[EDITORIALS]Defense first, Mr. ChungThe former unification minister, Chung Dong-young, said that once a peace system is established on the Korean Peninsula and the armed forces are cut to half the present 680,000 troops, financial resources to repair the economic inequities in Korea could be raised. It’s hard to imagine that the former head of the National Security Council and a candidate for the leadership of the governing party and perhaps for the presidency could say something like that.
Planned changes in the nation’s defense posture will be going on through 2020 and will cost 621 trillion won ($648 billion). Mr. Chung was partly responsible for those plans. But this year, the growth in the defense budget slowed slightly. Raising the necessary funds, obviously, is no easy task.
Not so long ago, the administration said that it would “tell Washington what needed to be said.” That resulted promptly in a reduction of U.S. troops here. It then said that a “self-reliant defense” would take up the slack. So it was easy to think that the administration was serious about making Korea able to defend itself militarily. But then President Roh Moo-hyun started talking about an economic divide, and the defense budget became the No. 1 target for cuts. The administration seems to have no interest in national security.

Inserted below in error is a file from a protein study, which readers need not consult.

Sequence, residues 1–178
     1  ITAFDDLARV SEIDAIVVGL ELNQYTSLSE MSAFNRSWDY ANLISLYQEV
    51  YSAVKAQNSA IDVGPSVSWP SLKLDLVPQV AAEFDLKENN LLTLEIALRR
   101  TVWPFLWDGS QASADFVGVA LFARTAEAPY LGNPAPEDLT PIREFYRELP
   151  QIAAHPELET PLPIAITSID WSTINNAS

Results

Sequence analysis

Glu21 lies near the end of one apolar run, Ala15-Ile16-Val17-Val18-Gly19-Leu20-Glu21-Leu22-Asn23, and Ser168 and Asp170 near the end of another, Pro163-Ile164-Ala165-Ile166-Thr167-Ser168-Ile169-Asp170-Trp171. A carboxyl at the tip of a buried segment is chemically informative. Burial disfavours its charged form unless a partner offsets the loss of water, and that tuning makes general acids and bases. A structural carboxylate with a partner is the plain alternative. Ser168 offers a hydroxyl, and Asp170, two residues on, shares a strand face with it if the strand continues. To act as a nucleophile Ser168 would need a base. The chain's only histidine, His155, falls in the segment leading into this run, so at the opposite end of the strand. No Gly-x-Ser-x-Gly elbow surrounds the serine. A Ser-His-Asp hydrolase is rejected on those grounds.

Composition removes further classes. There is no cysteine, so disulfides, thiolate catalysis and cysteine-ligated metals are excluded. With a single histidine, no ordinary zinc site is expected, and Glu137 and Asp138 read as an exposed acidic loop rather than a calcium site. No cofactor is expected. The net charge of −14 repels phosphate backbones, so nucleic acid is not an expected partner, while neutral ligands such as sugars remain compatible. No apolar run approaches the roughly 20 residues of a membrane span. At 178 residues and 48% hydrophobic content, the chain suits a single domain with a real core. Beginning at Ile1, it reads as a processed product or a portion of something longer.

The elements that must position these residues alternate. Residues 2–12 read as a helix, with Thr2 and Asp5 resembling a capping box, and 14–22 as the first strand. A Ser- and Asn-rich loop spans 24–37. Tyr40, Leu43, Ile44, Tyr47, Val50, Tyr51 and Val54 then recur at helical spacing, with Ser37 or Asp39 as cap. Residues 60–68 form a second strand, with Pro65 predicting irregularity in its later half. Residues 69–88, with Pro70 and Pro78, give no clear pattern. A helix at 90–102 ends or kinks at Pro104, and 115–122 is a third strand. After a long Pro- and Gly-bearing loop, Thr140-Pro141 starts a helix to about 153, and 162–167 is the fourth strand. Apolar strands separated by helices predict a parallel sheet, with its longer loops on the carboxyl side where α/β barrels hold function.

That talk about a peace system is based on a lot of assumptions. How can one trust a person to manage a nation when he talks about troop reductions without knowing whether peace will come to the peninsula? Reducing income disparities is important, but our national defense is more important.
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